Imagine two satellites, both equipped with FTL communications, starting at the same point. Launch the two of them in opposite directions.
The first satellite transmits an FTL signal to the second satellite, and, as the second satellite is moving with respect to the first, it is affected by the time dilation, and time passes more slowly relative to the other.
As soon as the second satellite receives the signal, it transmits an FTL message back to the first satellite. And, as the first satellite is moving in the second's reference frame, time dilation still applies.
And, given either a fast enough signal, or fast enough satellites, these dilations begin to add up, and signals begin to travel back in time.
It's been twenty-six months since the collapse of the Standard Model, and it still isn't sitting well with a majority of physicists.
"How does the maths hold up?"
"The modifications hold for two of the Big Three." replies Allen, scrolling through pages of calculations. "Only Zhang's theory is giving negative results; it's the only one that requires a defined source frequency. The other two don't, but their source frequencies would be undefined, and provide no model for what will be copied."
After learning what they could do, the military had them relocated to the Sevenoaks Research Laboratory, in a whirlwind uncharacteristic of bureaucracy. The government gave them a carte blanche to finish another set of teleporters as soon as possible; they were done in a month, and another twelve runs confirmed it beyond any doubt.
Proper teleportation. Faster-than-light. Instantaneous exchange of the information on both ends. Scientifically impossible, but physicists were doing six scientifically impossible things before breakfast these days.
"Probably vacuum, but with any luck, we'll get small portion of a sun or neutron star."
In the six months they've been with the government they've improved the designs: smaller form, faster recovery, greater capacity. They can teleport smaller objects now, but Mark and Sato were working on mounting the teleporter on a satellite in Wiltshire, taking one of the ends with them, leaving KT and Allen with only half a teleporter.
"Shouldn't we have more safety precautions?"
You can still do things with half a teleporter.
"And tell security that we're not twiddling our thumbs like they told us to? We'll be a kilometre away, the machine's shielded; at worst we irradiate a bunch of equipment. Or maybe burn the building to the ground. Actually, the two are the same."
Because there's no absolute requirement (in any of the major competing theories) that both ends must act as both a transmitter and receiver; the platform can, in some theories, transport into nothingness, or, more disconcertingly, transport things from nothing. And that's exactly what they are trying to do.
"Just be glad Sato isn't here." Allen grumbles.
KT ignores him. "Besides, we've already tried transporting to the null frequency and failed; transporting from the null frequency? Why should that be any different?"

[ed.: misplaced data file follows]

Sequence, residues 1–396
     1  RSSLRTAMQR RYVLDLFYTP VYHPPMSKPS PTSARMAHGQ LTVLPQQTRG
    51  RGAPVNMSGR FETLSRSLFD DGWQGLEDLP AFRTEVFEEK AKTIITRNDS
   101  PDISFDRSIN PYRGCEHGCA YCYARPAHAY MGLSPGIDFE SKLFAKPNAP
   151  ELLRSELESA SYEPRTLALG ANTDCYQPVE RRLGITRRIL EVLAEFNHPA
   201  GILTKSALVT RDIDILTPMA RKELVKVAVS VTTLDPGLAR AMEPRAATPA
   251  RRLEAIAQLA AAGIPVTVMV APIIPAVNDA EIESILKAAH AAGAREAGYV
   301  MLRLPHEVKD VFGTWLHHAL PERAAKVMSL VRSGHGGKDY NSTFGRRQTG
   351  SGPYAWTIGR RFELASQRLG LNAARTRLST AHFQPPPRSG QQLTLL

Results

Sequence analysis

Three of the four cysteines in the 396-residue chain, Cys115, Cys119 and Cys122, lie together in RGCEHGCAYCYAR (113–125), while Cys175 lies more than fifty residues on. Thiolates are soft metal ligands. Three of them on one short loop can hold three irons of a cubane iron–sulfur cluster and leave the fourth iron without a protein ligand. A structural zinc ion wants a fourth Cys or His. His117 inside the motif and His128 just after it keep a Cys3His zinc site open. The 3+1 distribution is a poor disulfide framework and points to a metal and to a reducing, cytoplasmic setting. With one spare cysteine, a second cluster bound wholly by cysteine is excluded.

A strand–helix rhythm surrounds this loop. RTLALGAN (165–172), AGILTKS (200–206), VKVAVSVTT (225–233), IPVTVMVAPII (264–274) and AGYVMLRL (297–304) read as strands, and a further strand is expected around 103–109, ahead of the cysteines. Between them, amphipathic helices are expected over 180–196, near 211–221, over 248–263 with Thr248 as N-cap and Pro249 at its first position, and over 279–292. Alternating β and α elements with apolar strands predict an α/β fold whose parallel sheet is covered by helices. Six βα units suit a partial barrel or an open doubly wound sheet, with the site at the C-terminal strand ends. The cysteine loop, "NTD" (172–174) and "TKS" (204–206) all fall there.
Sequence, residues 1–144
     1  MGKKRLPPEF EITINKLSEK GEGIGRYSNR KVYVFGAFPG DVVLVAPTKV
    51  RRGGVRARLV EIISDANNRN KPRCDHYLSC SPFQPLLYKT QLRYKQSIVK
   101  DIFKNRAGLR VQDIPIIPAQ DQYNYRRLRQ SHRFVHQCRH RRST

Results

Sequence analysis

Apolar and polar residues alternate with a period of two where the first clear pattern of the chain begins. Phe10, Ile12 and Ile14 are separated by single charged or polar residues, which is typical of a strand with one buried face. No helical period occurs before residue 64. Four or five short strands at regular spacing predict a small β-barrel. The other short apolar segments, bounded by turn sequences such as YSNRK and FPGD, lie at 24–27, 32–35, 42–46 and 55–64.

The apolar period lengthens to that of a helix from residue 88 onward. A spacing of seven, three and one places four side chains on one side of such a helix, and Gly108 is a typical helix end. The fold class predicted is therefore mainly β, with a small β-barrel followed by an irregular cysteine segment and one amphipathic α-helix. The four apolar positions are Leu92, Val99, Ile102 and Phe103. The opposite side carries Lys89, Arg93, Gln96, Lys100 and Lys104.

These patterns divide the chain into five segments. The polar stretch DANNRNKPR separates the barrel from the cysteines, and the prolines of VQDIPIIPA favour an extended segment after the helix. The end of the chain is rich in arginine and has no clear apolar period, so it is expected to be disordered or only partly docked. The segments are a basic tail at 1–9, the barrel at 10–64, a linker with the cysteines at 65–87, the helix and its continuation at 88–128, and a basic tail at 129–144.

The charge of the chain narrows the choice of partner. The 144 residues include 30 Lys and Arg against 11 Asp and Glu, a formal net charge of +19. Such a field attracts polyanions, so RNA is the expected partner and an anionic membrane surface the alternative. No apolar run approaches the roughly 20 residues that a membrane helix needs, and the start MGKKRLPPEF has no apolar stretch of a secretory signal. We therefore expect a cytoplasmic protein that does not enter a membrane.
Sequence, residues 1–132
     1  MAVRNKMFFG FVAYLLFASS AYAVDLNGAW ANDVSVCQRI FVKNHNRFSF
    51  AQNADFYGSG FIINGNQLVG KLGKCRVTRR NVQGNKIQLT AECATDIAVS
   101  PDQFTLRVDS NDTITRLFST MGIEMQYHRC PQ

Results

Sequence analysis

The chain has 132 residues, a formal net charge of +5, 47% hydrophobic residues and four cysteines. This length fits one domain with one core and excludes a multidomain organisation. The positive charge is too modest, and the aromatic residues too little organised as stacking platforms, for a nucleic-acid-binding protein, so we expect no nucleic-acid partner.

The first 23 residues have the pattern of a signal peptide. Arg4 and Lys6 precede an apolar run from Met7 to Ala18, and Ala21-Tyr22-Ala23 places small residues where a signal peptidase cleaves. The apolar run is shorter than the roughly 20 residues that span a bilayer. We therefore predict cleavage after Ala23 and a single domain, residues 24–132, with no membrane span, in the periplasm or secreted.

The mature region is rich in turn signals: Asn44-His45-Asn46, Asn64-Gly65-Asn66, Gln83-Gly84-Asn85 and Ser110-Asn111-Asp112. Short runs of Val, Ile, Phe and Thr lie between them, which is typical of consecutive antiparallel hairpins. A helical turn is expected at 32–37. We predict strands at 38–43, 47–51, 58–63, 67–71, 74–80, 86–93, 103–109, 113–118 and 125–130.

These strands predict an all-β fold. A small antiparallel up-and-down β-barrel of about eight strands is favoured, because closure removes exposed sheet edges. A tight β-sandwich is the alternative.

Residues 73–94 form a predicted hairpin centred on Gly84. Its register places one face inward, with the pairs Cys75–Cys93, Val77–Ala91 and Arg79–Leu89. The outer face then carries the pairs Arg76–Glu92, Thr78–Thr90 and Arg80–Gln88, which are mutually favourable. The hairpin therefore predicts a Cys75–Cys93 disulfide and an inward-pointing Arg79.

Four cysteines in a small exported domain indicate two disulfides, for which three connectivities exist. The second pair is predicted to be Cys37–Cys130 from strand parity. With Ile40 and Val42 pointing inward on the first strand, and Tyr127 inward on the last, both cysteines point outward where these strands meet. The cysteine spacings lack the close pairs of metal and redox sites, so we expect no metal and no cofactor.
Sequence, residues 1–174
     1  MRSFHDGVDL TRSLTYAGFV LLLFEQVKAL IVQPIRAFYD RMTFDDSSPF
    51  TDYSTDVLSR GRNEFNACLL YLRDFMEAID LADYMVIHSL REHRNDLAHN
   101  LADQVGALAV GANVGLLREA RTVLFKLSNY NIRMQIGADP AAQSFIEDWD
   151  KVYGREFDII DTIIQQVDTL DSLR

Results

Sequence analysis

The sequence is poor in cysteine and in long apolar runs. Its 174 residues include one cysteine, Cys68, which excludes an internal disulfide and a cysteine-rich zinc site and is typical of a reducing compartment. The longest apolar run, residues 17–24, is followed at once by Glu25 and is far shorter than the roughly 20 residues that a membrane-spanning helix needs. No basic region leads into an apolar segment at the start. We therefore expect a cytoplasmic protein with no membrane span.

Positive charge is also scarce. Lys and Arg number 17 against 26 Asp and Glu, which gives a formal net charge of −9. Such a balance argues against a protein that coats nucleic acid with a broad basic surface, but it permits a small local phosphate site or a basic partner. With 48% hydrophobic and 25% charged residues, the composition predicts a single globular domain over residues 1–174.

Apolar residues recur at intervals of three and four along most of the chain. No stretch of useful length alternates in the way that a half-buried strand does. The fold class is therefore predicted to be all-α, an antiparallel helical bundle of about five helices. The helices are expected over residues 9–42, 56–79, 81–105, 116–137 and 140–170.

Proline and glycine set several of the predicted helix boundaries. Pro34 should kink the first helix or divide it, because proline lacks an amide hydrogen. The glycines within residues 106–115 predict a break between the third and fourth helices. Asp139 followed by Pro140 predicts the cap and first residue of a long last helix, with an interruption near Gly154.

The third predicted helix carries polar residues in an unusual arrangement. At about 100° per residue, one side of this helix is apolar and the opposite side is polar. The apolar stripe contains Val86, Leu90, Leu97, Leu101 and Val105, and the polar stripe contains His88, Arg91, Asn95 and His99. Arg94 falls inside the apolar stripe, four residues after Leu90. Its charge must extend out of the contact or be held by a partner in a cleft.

Allen sighs. "Just get it over with."
An hour later, the two are sitting in pub on the other end of the laboratory, separated from the device by a kilometre of copper, concrete, brick, earth, snow and wood, and a pint of beer each for good measure. KT sits with a laptop open in front of her, plugged directly into the intranet, streaming the cameras and particle detector readings they had spent the hour setting up around the device. Allen sits on the other end of the table, wanting to have nothing to do with the entire enterprise.
"Everything's set. So, shall we toast to anything before accidentally destroying world?" KT raises her glass.
"Just press the goddamn button already."
KT presses the goddamn button.
The device fires; the cameras fuzz for a moment as the electrical discharge passes through them, but they clear up momentarily. Particle detectors still read nominal, and nothing changes on the external cameras.
The KT stares at the internal camera feed. Allen's face shifts from disapproval to concern, and he gets up to walk around to the other side of the table.
"That looks organic," KT says slowly, "doesn't it?"
She looks up. Allen's eyes remain fixed on the screen. He pulls a phone out of his pocket and dials for security.
"Hello, security? Yes, I'd like to report an incident; a possible biohazard in Lab E. Yes, the physics lab. No, I don't know what it is, or where it came from. It should be airtight, but even so..."
On the screen, the blood slowly begins to congeal.
KT paces the floor of the empty room and Allen sits with his back against the wall, holding his knees.
It's been two days. Security arrived shortly after the call and placed them in detention after determining they had no idea what they were dealing with, while a hazmat team was hastily assembled to deal with whatever it was that came through the teleporter. Sato had stayed behind in Wiltshire while Mark was recalled for advisement, and he dropped by the room to convey a few words of concern and Sato's general disappointment.